Unit 3b Test Flashcards Preview

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Flashcards in Unit 3b Test Deck (75)
1

Main difference between interest group and party?

Parties run candidates, interest groups influence political process

2

- percent of Americans belong to interest groups

75%

3

Most Americans belong to - interest groups

3

4

# of interest groups have - since 1970s

Mushroomed

5

Americans - to be interest group members

Most likely

6

Interest groups have the right to spend money -, what act?

Unlimited, citizens United case

7

PACs may contribute - to campaigns, but may also --

Directly, campaign separately

8

PACs are - source of revenue for most campaigns

Main

9

PACs have to follow ---, but can spend ---

Campaign contribution limits, unlimited amounts campaigning

10

Both PACs and 527s represent - interests and policies

Narrow

11

Both PACs and 527s may --(--)for campaigns, but can't ---

Run ads, (issue ads, coordinate with campaigns

12

527s are --, -- organizations

Tax exempt, nonprofit

13

527s (do not, or do) contribute directly to campaigns

Do not

14

527s have -- FEC regulation

Very little

15

527s have - legal campaigning limits

No

16

What are economic interest groups? (4)

Professional groups, labor unions, agricultural groups, business groups

17

Professional groups are composed of people from -

Professional occupations

18

Economic interest groups are most concerned with - (3)

Wages, prices, profits

19

Labor unions are - in power. They are involved in --

Declining, grassroots electioneering

20

Agricultural groups are most worried about -

Prices

21

What are right to work laws?

Open shop, people don't have to join Union, causes free rider problem, closed shop (everyone required to be in Union) is illegal

22

Largest number of interest groups are - (over -%)

Business groups, over 50%

23

Largest business group

Chamber of commerce of US

24

What are consumer and public interests (3)?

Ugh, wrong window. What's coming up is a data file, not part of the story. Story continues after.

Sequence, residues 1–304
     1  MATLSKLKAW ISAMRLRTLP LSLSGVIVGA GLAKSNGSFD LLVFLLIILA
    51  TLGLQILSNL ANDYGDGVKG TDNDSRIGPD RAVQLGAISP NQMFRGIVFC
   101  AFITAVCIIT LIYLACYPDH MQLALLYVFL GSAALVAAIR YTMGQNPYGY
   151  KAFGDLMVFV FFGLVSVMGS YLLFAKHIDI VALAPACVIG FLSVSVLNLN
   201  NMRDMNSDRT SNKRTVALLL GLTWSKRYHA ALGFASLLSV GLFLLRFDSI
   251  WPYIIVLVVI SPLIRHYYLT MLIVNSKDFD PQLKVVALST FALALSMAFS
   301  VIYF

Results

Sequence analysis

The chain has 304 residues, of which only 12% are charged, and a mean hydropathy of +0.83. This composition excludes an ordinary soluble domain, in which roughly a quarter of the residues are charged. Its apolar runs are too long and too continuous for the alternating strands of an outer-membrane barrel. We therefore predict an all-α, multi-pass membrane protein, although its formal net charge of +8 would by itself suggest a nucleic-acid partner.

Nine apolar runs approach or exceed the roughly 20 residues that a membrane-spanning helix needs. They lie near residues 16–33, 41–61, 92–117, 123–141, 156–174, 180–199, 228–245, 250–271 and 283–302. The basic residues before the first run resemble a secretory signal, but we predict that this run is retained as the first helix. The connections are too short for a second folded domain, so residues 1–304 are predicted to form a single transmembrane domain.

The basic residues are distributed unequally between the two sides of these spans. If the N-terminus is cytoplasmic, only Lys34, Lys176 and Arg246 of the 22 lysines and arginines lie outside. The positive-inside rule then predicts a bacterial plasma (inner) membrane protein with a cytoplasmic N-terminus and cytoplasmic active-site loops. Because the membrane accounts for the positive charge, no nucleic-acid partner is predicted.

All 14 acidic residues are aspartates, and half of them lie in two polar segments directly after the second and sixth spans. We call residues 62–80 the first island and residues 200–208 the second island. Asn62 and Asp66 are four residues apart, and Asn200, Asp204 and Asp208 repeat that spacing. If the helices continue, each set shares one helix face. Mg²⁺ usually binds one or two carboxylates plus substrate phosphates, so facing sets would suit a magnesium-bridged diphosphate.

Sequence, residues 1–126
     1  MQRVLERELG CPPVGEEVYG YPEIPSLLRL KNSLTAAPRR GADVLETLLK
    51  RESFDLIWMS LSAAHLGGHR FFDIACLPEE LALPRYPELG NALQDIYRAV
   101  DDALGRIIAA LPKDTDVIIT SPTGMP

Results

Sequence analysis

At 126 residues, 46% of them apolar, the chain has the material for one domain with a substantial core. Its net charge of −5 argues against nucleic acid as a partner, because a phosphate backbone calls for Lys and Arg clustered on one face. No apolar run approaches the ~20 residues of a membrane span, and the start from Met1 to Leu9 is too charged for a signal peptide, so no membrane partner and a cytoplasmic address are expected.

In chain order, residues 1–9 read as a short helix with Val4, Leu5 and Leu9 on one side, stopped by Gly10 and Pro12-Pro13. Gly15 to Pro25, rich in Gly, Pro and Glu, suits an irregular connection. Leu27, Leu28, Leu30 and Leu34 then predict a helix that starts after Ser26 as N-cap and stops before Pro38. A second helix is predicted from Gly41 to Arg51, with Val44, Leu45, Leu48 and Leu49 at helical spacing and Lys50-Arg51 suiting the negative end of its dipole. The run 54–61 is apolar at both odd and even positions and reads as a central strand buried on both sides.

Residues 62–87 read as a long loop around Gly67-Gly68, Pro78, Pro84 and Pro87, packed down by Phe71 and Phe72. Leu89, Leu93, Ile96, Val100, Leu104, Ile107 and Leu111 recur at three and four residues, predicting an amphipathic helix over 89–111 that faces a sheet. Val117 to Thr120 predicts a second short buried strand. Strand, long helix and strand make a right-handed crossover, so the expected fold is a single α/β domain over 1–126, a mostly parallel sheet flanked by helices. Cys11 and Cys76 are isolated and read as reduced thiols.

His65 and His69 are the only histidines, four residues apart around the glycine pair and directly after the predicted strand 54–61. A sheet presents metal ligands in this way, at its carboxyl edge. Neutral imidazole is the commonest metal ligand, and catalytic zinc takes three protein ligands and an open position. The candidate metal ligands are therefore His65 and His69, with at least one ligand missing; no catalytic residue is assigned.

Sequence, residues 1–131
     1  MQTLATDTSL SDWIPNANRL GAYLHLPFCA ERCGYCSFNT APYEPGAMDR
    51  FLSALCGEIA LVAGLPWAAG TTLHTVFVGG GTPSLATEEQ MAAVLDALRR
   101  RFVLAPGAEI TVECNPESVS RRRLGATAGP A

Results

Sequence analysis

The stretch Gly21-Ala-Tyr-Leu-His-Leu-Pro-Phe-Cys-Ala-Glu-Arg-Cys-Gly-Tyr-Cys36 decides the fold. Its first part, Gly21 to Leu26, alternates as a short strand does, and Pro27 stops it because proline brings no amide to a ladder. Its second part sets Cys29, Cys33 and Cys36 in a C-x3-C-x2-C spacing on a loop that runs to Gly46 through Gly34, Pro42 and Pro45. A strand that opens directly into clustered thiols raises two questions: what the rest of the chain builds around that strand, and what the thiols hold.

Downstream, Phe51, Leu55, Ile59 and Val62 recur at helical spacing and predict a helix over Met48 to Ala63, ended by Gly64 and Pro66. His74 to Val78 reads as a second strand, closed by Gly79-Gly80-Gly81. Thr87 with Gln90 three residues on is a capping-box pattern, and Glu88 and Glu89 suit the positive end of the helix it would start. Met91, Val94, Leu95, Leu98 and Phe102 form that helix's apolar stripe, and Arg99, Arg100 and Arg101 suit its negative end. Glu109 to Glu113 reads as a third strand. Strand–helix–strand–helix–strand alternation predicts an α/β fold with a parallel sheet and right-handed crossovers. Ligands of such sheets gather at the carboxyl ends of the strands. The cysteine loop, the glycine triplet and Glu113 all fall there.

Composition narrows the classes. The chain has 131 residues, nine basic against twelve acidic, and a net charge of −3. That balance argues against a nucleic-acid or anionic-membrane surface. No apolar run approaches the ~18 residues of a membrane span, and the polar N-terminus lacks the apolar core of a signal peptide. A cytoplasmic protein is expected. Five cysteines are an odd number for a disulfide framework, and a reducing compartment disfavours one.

Consumer interests, environmental interests, govt reform interests

25

What are consumer and public interests most concerned with?

Collective goods, free rider problem, foundation grants I

26

What are equality and justice interests?
What do they mainly use?

Equal rights groups, litigation

27

What are examples of equal rights groups?

NAACP, NOW

28

Collective goods:

Something of value automatically enjoyed by everyone, can't be without

29

Free rider problem:

Individual may receive benefits of a good without contributing to cost

30

Types of interest group based on membership?

Institutional interest groups, individual interest groups

31

Institutional interest group examples: (3)

Chamber of commerce of us
National league of cities
National council of education

32

Americans citizens - likely to join - or - interest groups than other democs (political participation)

More likely, political or religious interest groups

33

Electioneering

Actively taking part in campaigns either through grassroots electioneering or through PAC donations

34

Examples of individual interest groups: (5)

AFL-CIO
NAACP
NOW (national organization for women)
Christian coalition
Sierra club

35

Union with closed shop:

Workplace where employees must join unions within specified period if Union has been approved by workers

36

Right to work laws are desired by - to - unions

Businesses, weaken

37

Paid lobbyists are used by - interest groups, but most effective for -- groups

All, institutional interest groups

38